Illinois Natural History Survey - University of Illinois

Species Spotlight: The Sycamore

In presettlement days, the eastern border of Illinois contained the great trees that made up the last stronghold of the eastern deciduous forest. Some considered them to be one of the wonders of the world. The trees grew to prodigious size, and among the giants were the sycamores. These old sycamores had great white branches as large as tree trunks--stark pale ghosts of perhaps even larger trees before them. The sycamores are, in girth of trunk, the largest deciduous hardwoods of North America, and in those early days were truly the giants of the earth.

Sycamore, Plantanus occidentalis, is a tree of bottomlands and is found throughout Illinois. Sycamores are characterized by light gray outer bark that scales away like "torn wallpaper" to reveal an inner white bark. In moonlight, these white branches and trunks stand out starkly and marked the river's edge for early navigators. The leaves, which are broader than long and frequently 10 inches wide, are among the largest of the simple native leaves. They are arranged alternately on the twigs and are bright green above and paler beneath. In the fall they turn a russet brown.

Sycamore tree Plantanus occidentalis

The tree produces both its leaves and flowers in May. The flowers grow in inconspicuous, drooping, dense clusters. The fruits which soon appear are greenish balls suspended from slender stems. The fruits were the favorite food of the now extinct Carolina paraquet. By October, the fruits have matured and are dangling brown balls of seeds about an inch in diameter. They will remain on the tree most of the winter, and by spring will break up into fluff, scattering the fine seeds into the wind. These fruits lend the common names buttonwood and button-ball tree to the sycamore.

Once sycamores reach middle age (200 to 300 years old) they become hollow. The sapwood is no longer involved with water and mineral transport, but instead, gradually fills with metabolic wastes and resins that harden to form the dead central core of the tree, known as heartwood. When the heartwood rots, which frequently happens with sycamores, the tree is hollow, yet can still live a long life.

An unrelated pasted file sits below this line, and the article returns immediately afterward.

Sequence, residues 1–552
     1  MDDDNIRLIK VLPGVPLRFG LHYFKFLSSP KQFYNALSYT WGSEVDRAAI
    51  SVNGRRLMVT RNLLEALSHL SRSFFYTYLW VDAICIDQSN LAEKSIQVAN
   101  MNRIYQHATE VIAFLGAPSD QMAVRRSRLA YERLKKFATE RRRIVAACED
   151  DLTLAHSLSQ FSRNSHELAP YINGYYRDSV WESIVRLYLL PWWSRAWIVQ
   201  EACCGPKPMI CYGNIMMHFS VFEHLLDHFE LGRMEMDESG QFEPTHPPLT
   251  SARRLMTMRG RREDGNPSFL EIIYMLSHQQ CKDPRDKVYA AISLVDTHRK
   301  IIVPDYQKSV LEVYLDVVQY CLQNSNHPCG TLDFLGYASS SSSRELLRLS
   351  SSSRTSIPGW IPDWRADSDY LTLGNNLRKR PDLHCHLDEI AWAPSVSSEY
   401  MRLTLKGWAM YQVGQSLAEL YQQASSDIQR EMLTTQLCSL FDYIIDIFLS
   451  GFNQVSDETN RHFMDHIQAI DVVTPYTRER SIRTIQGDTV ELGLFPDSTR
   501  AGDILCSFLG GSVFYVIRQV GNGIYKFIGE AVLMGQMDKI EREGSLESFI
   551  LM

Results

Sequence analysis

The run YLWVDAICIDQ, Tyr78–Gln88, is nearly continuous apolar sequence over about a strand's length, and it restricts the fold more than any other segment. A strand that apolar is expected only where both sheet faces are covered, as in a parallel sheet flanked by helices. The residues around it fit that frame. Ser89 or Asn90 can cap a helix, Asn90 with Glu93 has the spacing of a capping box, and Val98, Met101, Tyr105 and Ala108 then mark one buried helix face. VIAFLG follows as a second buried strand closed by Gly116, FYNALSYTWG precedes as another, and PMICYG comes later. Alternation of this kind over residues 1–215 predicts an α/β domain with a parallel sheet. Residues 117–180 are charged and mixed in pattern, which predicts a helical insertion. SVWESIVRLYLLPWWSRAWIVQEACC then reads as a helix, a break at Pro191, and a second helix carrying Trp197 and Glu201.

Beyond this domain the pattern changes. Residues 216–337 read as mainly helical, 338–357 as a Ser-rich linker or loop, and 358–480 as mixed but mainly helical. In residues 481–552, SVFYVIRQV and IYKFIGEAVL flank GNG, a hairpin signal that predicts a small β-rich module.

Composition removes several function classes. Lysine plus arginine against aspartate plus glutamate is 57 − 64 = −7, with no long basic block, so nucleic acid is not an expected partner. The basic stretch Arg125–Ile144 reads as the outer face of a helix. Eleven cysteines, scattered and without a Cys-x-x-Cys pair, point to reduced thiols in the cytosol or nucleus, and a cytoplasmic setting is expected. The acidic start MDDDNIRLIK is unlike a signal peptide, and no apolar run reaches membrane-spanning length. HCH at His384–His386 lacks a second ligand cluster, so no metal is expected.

One of the largest trees to exist between the Allegheny and Rocky mountains was a sycamore that stood on the banks of Coffee Creek, about four miles below Mt. Carmel in Wabash County. This giant stood 168 feet tall with a diameter of 16 feet! The area underneath its branches became a popular picnic spot, and its hollow trunk provided shelter during rain. By 1897 the landowner had had enough of curiosity seekers trampling his crops in nearby fields, and had the tree cut. No part of it remains today, but in the Red Barn Nature Center of Beall Woods State Park, one can view photographs of this past giant and stand in a large circle (illustrating its circumference and diameter) painted on the floor--the last representation of this great tree.

Susan Post, Center for Economic Entomology

Charlie Warwick, editor


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